Mel B has recalled the moment she felt free of ‘shame’ after coming forward with her experience of domestic abuse.
The singer has spent the past few years and violence, working with charity Women’s Aid and starring in the harrowing yet powerful music video, Love Should Not Hurt, directed by composer Fabio D’Andrea.
In May, the Wannabe hitmaker to charitable causes and vulnerable women.
Mel’s campaigning began after she ended her 10-year marriage with producer Stephen Belafonte in 2017.
Together with Fabio, the pop star is now releasing a special series of charitable NFTs in support of Women’s Aid.
Recalling her experience of working with the filmmaker and musician on the Love Should Not Hurt music video, Mel told Metro.co.uk at the pre-launch event at London’s first Crypto Club: ‘It was Fabio’s idea and this amazing thing he put together.
‘On set it was quite remarkable because I found out that everybody involved from the guy that did the lights to the guy that did the cameras, they’d all been involved in some kind of domestic violence scenario whether it be their parents, something they’d seen or whether they’d personally been involved themselves, so me watching it back was really cathartic like writing my book was. ‘
She added: ‘So I was glad I was able to tell a story based off my own story, so many women’s stories and men’s stories that I’ve learnt about.’
Despite her stardom, Mel, 47, has been able to connect with other domestic abuse survivors and is ultimately relieved that she gets to share their stories, and her own.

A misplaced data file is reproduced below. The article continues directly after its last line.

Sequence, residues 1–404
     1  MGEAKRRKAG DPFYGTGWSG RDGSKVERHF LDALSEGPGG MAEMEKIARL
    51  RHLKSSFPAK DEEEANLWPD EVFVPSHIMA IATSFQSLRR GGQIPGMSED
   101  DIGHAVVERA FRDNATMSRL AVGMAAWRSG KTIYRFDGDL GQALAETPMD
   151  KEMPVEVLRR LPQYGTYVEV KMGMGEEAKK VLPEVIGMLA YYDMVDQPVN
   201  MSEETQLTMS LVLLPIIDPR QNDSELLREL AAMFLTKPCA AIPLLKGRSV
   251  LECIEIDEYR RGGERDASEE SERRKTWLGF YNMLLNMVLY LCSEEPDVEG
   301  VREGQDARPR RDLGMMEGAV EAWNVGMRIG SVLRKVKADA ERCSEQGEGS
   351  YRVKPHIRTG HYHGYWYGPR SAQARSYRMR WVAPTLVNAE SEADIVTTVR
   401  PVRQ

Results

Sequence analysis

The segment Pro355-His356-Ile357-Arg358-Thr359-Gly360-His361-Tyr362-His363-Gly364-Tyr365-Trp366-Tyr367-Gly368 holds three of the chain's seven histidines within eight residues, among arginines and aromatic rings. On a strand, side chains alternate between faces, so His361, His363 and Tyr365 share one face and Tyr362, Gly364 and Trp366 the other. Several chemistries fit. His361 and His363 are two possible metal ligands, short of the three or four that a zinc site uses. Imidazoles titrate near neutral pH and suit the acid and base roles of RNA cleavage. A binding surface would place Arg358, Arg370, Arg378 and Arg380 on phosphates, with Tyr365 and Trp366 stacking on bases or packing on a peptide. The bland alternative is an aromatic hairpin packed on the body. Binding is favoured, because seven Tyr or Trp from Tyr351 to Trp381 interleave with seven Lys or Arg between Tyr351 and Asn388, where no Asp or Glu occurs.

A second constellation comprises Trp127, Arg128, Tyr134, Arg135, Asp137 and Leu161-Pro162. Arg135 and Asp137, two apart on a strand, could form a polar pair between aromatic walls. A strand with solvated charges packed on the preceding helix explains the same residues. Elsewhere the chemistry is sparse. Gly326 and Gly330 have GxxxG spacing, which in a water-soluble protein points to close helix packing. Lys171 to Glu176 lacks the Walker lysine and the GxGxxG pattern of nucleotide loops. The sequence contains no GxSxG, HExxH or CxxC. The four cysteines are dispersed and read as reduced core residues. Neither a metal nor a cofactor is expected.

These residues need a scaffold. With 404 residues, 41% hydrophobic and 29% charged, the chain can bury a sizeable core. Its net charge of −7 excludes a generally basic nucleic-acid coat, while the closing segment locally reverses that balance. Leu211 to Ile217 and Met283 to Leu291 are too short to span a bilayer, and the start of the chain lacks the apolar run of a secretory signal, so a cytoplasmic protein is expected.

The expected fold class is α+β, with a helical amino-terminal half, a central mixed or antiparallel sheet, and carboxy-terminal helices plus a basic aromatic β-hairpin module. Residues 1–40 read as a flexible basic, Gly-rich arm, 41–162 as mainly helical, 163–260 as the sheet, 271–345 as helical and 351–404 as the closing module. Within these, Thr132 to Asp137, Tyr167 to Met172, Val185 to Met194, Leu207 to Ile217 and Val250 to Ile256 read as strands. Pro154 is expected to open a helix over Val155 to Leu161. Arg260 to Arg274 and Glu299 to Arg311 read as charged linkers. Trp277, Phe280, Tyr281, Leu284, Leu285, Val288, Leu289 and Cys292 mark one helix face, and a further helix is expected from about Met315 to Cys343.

The Masked Singer judge explained: ‘I don’t really care about that [celebrity] stuff, all I know is that when I called up my friend Louise to write my book after I’d just got out of a 10-year marriage, I was just going through my divorce, she came to live with me on and off for about a year to write it with me and got quite high up people that I’d worked with on The X Factor, producers, writers, they all collaborated on stories that helped the foundation of the book.
‘So the book was really truthful and honest. For me it was the celebration that I was no longer living a life of being shamed.’
However, Mel, who is still ‘pinching [herself]’ about getting the MBE, refused to gloss over the reality of being a domestic abuse survivor.
‘Abuse is not nice no matter what way you look at it, you always feel that guilt and shame and hold that for the rest of your life, it’s an onward journey,’ she said. ‘I’m just so glad that I spoke my truth and I’ve have so many people behind me.
‘I’ve got an army of women who my story is their story, and their story is my story.’
To help Women’s Aid continue their incredible work providing life-saving services and promoting zero tolerance of domestic abuse, sales from the NFT collection will contribute vital funds in support of the Women’s Aid 50th anniversary campaign: Come Together To End Domestic Abuse.
Domestic abuse helpline
If you are in immediate danger call 999. If you cannot talk, dial 55 and the operator will respond.
For emotional support, you can contact the National Domestic Abuse Helpline on 0808 2000 247. Alternatively, for practical and emotional support, please contact 10am – 6pm seven days a week.
You can also reach the National Centre for Domestic Violence on 0800 270 9070 or text NCDV to 60777.
For free and confidential advice and support for women in London affected by abuse, you can call Solace on 0808 802 5565 or email [email protected]
Male victims of domestic abuse can call 01823 334244 to speak to , an initiative available for male victims of domestic abuse and domestic violence across the UK as well as their friends, family, neighbours, work colleagues and employers.
Alternatively, the can be reached at 0808 8010327, or emailed at [email protected]